“I never really do look at start lists. It’s always best to try to focus on yourself, you never know where everyone is at,” Wiggins said. “It is what it is, we’ll see in the first few days, who’s got it, and who doesn’t.”

Wiggins may likely see his greatest competition in the form of 26-year-old American Peter Stetina, who will be racing as a protected GC leader for the first time in his career. A talented climber, Stetina will struggle against Wiggins in the time trial, but may be able to distance him on Diablo and Mountain High.

“Our team has checked all boxes,” Stetina said. “We have Taylor Phinney for the time trial, and Thor Hushovd and Greg Van Avermaet for the flat stages, and I’m honored that, as a new rider, the team has put its faith in me for the GC, especially as we are defending Tejay van Garderen’s title from last year.

“I took this seriously and made sure I did my homework. I’ve checked out a lot of the route, and other parts of the route I’ve done in gran fondos, or winter training. It’s a really balanced route, and it should be a lot of fun.”

A pair of concurrent women’s races will be held on Sunday and Monday — a circuit race, in Sacramento, and Monday’s 20km time trial. Twenty women will compete in the time trial; 17 have been selected by race organizers, with the remaining three to be nominated by the teams of the top-three finishers in the circuit race. The two races stand alone as events; there will be no time differences carried over between the two.

“I’m excited that AEG stepped up and added a women’s race,” said UnitedHealthcare rider Alison Powers, the U.S. national criterium champion. “It’s great that we get to race alongside the UnitedHealthcare men’s team. We have a little rivalry with the team, who will do better? We hope to show up the boys.”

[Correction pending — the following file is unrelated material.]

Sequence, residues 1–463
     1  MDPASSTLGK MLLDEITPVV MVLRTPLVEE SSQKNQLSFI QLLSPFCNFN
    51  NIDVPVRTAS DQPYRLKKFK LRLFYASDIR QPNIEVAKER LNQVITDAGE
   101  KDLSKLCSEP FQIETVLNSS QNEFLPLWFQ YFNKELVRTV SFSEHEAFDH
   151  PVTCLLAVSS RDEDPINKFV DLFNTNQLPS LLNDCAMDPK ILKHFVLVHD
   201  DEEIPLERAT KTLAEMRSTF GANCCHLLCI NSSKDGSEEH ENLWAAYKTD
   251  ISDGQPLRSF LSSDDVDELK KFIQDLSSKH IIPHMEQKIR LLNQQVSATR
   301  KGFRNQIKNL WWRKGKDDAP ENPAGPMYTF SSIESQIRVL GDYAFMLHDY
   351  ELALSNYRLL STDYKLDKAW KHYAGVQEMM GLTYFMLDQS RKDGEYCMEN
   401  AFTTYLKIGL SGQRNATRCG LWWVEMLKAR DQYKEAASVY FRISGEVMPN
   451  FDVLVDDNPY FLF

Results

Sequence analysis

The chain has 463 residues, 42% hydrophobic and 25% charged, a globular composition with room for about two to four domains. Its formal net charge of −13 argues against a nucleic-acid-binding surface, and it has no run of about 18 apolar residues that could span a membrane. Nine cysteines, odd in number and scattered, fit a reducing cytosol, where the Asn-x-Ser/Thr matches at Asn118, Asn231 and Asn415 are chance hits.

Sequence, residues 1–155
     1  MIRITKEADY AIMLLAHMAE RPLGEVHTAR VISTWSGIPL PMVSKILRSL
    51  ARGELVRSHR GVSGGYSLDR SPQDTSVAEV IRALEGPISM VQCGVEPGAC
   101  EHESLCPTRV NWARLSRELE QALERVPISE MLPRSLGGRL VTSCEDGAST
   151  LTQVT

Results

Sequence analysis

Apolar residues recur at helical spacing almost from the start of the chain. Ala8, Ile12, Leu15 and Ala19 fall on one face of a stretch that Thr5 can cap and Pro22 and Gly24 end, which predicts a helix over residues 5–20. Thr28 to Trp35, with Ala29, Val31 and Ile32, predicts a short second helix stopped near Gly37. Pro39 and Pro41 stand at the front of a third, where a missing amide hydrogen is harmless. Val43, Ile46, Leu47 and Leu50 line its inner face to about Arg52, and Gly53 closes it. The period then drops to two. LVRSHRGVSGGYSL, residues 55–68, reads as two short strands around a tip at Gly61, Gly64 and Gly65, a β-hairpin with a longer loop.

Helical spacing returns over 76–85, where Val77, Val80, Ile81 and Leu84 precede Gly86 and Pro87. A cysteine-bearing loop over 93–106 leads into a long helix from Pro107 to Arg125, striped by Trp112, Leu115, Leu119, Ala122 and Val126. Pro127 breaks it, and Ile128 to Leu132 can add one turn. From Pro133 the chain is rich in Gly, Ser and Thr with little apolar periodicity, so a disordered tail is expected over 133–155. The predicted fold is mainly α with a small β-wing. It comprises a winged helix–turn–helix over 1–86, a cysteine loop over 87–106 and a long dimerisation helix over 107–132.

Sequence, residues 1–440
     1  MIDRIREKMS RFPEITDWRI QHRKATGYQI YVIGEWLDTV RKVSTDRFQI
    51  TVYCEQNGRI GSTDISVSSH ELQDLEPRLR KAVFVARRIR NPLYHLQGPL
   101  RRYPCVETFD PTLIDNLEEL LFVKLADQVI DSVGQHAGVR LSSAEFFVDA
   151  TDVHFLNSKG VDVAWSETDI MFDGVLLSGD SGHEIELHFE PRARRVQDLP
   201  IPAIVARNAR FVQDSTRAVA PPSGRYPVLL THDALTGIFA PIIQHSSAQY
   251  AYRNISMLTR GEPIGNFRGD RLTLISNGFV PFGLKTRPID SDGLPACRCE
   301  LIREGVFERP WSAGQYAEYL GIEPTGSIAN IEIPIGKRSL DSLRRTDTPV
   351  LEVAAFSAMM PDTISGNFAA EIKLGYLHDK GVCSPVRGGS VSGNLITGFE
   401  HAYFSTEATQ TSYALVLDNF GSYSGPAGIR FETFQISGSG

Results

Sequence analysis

Race notes

The Amgen Tour of California is owned by AEG, based in Los Angeles, and operated by Medalist Sports, which is based in Atlanta, Georgia.

Daily television coverage is produced in partnership with Tour de France owners Amaury Sports Organisation and NBC Sports Group.

Phil Liggett, Paul Sherwen, and recently retired Garmin-Sharp rider Christian Vande Velde will provide commentary for each day of NBC Sports Group’s coverage, along with reporters Steve Schlanger and Steve Porino.

 

FILED UNDER: Amgen Tour of California / News / Road TAGS: / /

Neal Rogers

Neal Rogers

Neal Rogers is editor in chief of Velo magazine and VeloNews.com. An interest in all things rock 'n' roll led him into music journalism while attending UC Santa Cruz, on the central coast of California. After several post-grad years spent waiting tables, surfing, and mountain biking, he moved to San Francisco, working as a bike messenger, and at a software startup. He moved to Boulder, Colorado, in 2001, taking an editorial internship at VeloNews. He never left. When not traveling the world covering races, he can be found riding his bike, skiing, or attending a concert.